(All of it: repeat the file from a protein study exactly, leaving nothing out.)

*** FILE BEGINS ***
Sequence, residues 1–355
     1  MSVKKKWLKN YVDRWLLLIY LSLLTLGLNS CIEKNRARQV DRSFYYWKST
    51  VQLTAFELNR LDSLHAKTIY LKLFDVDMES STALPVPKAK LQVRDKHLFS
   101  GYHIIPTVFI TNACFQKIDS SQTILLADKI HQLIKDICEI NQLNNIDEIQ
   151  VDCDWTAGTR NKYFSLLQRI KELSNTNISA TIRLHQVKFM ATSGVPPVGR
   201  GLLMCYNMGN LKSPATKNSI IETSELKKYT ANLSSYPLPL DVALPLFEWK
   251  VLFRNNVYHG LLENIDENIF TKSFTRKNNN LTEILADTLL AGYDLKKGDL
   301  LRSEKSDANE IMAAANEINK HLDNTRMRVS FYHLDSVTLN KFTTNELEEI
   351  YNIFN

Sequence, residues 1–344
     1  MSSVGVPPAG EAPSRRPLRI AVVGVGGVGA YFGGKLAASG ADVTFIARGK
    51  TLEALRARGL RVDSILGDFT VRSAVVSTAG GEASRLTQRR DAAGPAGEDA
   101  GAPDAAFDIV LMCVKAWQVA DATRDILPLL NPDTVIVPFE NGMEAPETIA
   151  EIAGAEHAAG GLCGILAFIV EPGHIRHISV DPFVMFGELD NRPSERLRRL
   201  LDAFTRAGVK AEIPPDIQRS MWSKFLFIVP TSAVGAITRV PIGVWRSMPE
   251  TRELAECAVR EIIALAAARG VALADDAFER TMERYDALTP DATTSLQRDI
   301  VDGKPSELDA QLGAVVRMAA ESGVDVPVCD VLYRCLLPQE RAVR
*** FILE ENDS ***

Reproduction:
Sequence, residues 1–355
     1  MSVKKKWLKN YVDRWLLLIY LSLLTLGLNS CIEKNRARQV DRSFYYWKST
    51  VQLTAFELNR LDSLHAKTIY LKLFDVDMES STALPVPKAK LQVRDKHLFS
   101  GYHIIPTVFI TNACFQKIDS SQTILLADKI HQLIKDICEI NQLNNIDEIQ
   151  VDCDWTAGTR NKYFSLLQRI KELSNTNISA TIRLHQVKFM ATSGVPPVGR
   201  GLLMCYNMGN LKSPATKNSI IETSELKKYT ANLSSYPLPL DVALPLFEWK
   251  VLFRNNVYHG LLENIDENIF TKSFTRKNNN LTEILADTLL AGYDLKKGDL
   301  LRSEKSDANE IMAAANEINK HLDNTRMRVS FYHLDSVTLN KFTTNELEEI
   351  YNIFN

Sequence, residues 1–344
     1  MSSVGVPPAG EAPSRRPLRI AVVGVGGVGA YFGGKLAASG ADVTFIARGK
    51  TLEALRARGL RVDSILGDFT VRSAVVSTAG GEASRLTQRR DAAGPAGEDA
   101  GAPDAAFDIV LMCVKAWQVA DATRDILPLL NPDTVIVPFE NGMEAPETIA
   151  EIAGAEHAAG GLCGILAFIV EPGHIRHISV DPFVMFGELD NRPSERLRRL
   201  LDAFTRAGVK AEIPPDIQRS MWSKFLFIVP TSAVGAITRV PIGVWRSMPE
   251  TRELAECAVR EIIALAAARG VALADDAFER TMERYDALTP DATTSLQRDI
   301  VDGKPSELDA QLGAVVRMAA ESGVDVPVCD VLYRCLLPQE RAVR